Does My Great-Grandma Drive a Motorcycle?
For those who don’t quite know what their great-grandma is up to while they are away, author Jeremy Sercrest seeks answers about his great-grandmother’s lifestyle. This story follows a little boy who doesn’t quite believe his dad’s story about his seemingly normal great-grandmother’s secret life as a motorcycle rider. The story, with whimsical illustrations by Ben Wade, is great fun for both young and old readers who need to be reminded that adventure is evergreen.
The Dance of the Snow Tractors
In this book, main character Siena looks out her window on a snowy day to witness what she calls the dance of the snow tractors. The Ottawa, Canada resident sits on her porch with a hot beverage watching the calculated movements of snow plows with great joy. Shannon Wilvers illustrates Siena’s story.
Elbow Grease Magnetic Playbook
Wrestler-turned-actor John Cena is also a best-selling author with his Elbow Grease book. In Elbow Grease, monster truck brothers and their mechanic work together to conquer their driving course. This interactive book will capture the attention of three to seven year olds as they get to place the characters throughout the book with the play along magnets.
Construction Site: Road Crew, Coming Through!
Best-selling author Sherri Duskey Rinker tells the rhyming tale of a construction team taking on their biggest challenge yet, a new superhighway. With the book’s help, children ages two to four can begin to understand what is happening on highways around the country in the summers.
The Haunted Car
R.L. Stine is known for his spooky reads and The Haunted Car is no exception. The story tells of a curious boy who hops in an abandoned car and goes for the ride of a lifetime. It is a thrilling adventure for readers ages eight and 12. The Haunted Car is an installment in the Master Fright series.
Scooper and Dumper
Lindsay Ward tells the story of best friends Scooper the front loader and Dumper the snowplow. Together the two take care of their town and when a big storm hits. The duo must work together to overcome the challenge. Children ages three to seven can learn the value of individual strengths, teamwork and friendship by reading the book.
Science Comics: Cars: Engines That Move You
Understanding how engines work is a pretty complicated task but Dan Zettwoch’s Science Comic series does not shy away from the tough topic. With plenty of visuals and simple breakdowns of complex topics, readers ages nine to 13 can learn what they are looking at when they pop the hood. Gas engines, electric batteries and even some less traditional ways to move a car are all covered.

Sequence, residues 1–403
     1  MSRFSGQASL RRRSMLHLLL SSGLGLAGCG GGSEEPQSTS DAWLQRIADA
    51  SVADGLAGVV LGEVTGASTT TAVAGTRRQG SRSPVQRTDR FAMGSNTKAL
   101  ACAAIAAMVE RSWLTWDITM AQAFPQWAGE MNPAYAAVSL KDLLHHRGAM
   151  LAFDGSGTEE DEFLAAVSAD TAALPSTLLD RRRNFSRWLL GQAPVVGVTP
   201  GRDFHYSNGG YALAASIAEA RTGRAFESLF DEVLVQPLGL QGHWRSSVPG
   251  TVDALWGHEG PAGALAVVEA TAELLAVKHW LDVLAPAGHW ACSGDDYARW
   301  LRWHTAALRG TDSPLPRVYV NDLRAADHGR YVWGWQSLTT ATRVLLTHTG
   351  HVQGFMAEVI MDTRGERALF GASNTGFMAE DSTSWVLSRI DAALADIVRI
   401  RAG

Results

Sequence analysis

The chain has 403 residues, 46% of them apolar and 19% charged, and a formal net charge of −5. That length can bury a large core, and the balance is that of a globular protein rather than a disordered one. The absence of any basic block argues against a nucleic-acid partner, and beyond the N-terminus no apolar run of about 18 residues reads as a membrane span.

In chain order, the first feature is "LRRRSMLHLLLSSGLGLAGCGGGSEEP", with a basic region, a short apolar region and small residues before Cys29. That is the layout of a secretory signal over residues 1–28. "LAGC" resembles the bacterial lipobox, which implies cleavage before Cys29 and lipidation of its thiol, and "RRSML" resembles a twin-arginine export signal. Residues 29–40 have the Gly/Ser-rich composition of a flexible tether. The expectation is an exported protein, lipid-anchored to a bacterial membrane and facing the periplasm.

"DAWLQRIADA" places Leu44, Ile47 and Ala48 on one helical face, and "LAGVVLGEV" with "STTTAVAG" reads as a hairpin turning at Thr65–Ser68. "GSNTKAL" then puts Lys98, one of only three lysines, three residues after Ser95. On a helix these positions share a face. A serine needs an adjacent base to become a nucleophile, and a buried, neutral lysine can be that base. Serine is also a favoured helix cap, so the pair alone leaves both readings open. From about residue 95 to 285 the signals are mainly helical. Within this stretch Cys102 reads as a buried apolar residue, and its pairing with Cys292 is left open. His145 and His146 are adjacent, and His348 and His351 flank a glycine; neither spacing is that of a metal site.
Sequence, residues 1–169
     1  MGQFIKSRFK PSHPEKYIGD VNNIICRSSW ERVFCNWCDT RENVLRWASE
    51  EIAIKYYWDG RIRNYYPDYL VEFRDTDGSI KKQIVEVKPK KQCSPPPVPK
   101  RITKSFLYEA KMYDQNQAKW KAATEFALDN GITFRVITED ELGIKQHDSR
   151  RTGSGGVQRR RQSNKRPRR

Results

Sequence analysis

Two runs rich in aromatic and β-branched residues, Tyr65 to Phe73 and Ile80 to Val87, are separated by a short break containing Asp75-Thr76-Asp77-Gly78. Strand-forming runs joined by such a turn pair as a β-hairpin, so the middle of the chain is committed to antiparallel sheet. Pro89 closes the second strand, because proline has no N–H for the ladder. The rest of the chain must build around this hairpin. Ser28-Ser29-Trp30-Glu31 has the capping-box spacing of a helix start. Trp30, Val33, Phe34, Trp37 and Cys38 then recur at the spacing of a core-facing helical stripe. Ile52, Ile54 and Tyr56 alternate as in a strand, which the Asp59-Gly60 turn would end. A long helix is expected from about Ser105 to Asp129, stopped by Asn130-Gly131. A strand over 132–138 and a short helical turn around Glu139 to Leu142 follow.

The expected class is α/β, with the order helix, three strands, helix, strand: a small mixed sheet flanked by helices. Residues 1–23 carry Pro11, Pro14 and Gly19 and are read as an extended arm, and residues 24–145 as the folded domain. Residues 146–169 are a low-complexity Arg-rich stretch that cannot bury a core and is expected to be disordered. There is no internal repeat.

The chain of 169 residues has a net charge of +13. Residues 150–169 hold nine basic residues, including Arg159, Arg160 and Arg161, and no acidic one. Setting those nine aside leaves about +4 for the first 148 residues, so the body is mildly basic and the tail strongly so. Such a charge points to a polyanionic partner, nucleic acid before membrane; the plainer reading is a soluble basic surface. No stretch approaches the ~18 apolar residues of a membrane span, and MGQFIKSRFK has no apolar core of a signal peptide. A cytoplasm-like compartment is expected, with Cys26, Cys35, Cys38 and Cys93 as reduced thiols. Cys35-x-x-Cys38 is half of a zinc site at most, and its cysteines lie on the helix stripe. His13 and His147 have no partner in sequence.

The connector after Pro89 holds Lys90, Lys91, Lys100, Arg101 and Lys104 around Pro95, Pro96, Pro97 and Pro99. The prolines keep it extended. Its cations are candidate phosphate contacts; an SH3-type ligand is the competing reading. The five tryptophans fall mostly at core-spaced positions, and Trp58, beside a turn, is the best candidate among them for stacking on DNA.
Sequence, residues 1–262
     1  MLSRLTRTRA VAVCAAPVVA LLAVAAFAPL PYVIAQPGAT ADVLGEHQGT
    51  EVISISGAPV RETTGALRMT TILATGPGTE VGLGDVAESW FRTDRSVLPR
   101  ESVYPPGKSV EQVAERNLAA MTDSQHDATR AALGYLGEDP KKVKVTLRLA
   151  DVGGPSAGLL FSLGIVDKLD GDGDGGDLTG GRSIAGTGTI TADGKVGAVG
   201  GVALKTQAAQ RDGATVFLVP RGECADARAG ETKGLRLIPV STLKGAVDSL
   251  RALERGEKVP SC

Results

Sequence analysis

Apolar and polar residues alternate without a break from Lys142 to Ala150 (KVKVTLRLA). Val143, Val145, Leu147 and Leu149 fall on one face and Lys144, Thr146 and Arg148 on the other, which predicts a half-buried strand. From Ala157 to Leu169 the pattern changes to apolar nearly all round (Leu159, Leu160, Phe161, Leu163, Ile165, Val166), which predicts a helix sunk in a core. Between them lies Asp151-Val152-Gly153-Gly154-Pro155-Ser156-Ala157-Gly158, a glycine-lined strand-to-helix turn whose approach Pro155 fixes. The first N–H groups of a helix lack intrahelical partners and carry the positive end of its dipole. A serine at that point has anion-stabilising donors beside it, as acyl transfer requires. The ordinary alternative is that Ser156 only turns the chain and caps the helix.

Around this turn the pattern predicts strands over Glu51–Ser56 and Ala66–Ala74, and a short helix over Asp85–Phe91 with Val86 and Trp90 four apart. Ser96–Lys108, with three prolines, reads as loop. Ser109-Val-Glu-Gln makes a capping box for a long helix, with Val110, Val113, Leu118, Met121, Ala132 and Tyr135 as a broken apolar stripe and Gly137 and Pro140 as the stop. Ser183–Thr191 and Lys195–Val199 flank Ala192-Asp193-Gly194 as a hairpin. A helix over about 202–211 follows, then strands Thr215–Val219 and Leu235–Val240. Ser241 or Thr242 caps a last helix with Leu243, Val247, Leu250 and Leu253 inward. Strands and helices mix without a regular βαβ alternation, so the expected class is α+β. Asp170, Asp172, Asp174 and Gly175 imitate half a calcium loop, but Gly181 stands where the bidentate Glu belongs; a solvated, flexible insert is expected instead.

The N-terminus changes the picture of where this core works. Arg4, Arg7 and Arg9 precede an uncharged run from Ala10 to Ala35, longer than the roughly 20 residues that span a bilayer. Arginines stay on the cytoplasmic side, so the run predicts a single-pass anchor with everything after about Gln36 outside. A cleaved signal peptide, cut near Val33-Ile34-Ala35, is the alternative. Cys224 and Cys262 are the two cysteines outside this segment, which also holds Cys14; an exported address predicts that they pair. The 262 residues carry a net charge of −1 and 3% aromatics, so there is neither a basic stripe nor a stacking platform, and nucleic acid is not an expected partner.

The No.1 Car Spotter
Nigerian author Atinuke crafts a story about the charismatic No. 1, whose hobby is car spotting but is also good at solving all sorts of problems for his village. With pun-based car renaming like the Toyota “Cow-rolla,” No. 1 races around his village solving problems and teaching kids six to nine how to problem solve with his resourcefulness.
The Rusty, Trusty Tractor
The Rusty Trusty Tractor is a multigenerational story of a 50-year-old tractor and the loyalty of its owner. Joy Cowley crafts a charming story about Grandpappy’s old tractor with Olivier Dunrea’s illustrations to bring the tale to life. Children ages five to seven will learn the value of hard work and lessons in remaining faithful to an old friend.
Girl on a Motorcycle
Award-winning author Amy Novesky and Governor General’s Award-winning illustrator Julie Morstad teamed up to create a picture book about the first woman to ride a motorcycle around the world. As the girl travels the world she learns lessons about different cultures and independence. This girl-boss adventure book will introduce children ages five to nine how to adapt to new situations and keep going.
Five Little Monkeys Wash the Car
Children will enjoy guessing what wacky adventures Eileen Christelow’s monkeys will take on next in Five Little Monkeys Wash the Car. Christelow’s illustrations show the monkeys cleaning and restoring an old car until it shines like new, introducing children under three to the world of vehicle responsibility. The monkeys and Mama take on several adventures in the series.